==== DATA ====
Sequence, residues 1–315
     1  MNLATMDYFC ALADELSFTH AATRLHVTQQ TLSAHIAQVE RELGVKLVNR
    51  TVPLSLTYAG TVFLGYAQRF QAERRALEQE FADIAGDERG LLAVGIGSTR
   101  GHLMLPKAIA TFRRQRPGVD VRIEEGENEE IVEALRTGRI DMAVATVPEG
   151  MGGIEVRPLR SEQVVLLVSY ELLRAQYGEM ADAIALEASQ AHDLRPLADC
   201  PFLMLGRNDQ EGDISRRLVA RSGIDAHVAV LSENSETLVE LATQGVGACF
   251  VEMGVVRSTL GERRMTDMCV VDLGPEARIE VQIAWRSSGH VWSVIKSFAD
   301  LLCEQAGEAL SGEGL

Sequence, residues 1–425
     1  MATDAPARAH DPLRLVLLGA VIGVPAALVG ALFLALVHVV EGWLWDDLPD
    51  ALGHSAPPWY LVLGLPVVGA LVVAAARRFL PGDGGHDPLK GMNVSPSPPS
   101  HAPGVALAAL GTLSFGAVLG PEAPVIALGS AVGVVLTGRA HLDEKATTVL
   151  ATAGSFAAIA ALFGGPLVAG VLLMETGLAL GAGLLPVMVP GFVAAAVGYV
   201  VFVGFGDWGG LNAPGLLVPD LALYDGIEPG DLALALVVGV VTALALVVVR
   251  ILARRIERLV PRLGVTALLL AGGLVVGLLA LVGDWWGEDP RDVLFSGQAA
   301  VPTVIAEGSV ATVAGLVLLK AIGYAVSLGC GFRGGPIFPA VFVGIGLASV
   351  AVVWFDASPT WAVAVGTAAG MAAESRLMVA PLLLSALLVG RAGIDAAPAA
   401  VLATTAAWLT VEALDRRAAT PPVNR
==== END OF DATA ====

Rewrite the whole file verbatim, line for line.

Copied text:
Sequence, residues 1–315
     1  MNLATMDYFC ALADELSFTH AATRLHVTQQ TLSAHIAQVE RELGVKLVNR
    51  TVPLSLTYAG TVFLGYAQRF QAERRALEQE FADIAGDERG LLAVGIGSTR
   101  GHLMLPKAIA TFRRQRPGVD VRIEEGENEE IVEALRTGRI DMAVATVPEG
   151  MGGIEVRPLR SEQVVLLVSY ELLRAQYGEM ADAIALEASQ AHDLRPLADC
   201  PFLMLGRNDQ EGDISRRLVA RSGIDAHVAV LSENSETLVE LATQGVGACF
   251  VEMGVVRSTL GERRMTDMCV VDLGPEARIE VQIAWRSSGH VWSVIKSFAD
   301  LLCEQAGEAL SGEGL

Sequence, residues 1–425
     1  MATDAPARAH DPLRLVLLGA VIGVPAALVG ALFLALVHVV EGWLWDDLPD
    51  ALGHSAPPWY LVLGLPVVGA LVVAAARRFL PGDGGHDPLK GMNVSPSPPS
   101  HAPGVALAAL GTLSFGAVLG PEAPVIALGS AVGVVLTGRA HLDEKATTVL
   151  ATAGSFAAIA ALFGGPLVAG VLLMETGLAL GAGLLPVMVP GFVAAAVGYV
   201  VFVGFGDWGG LNAPGLLVPD LALYDGIEPG DLALALVVGV VTALALVVVR
   251  ILARRIERLV PRLGVTALLL AGGLVVGLLA LVGDWWGEDP RDVLFSGQAA
   301  VPTVIAEGSV ATVAGLVLLK AIGYAVSLGC GFRGGPIFPA VFVGIGLASV
   351  AVVWFDASPT WAVAVGTAAG MAAESRLMVA PLLLSALLVG RAGIDAAPAA
   401  VLATTAAWLT VEALDRRAAT PPVNR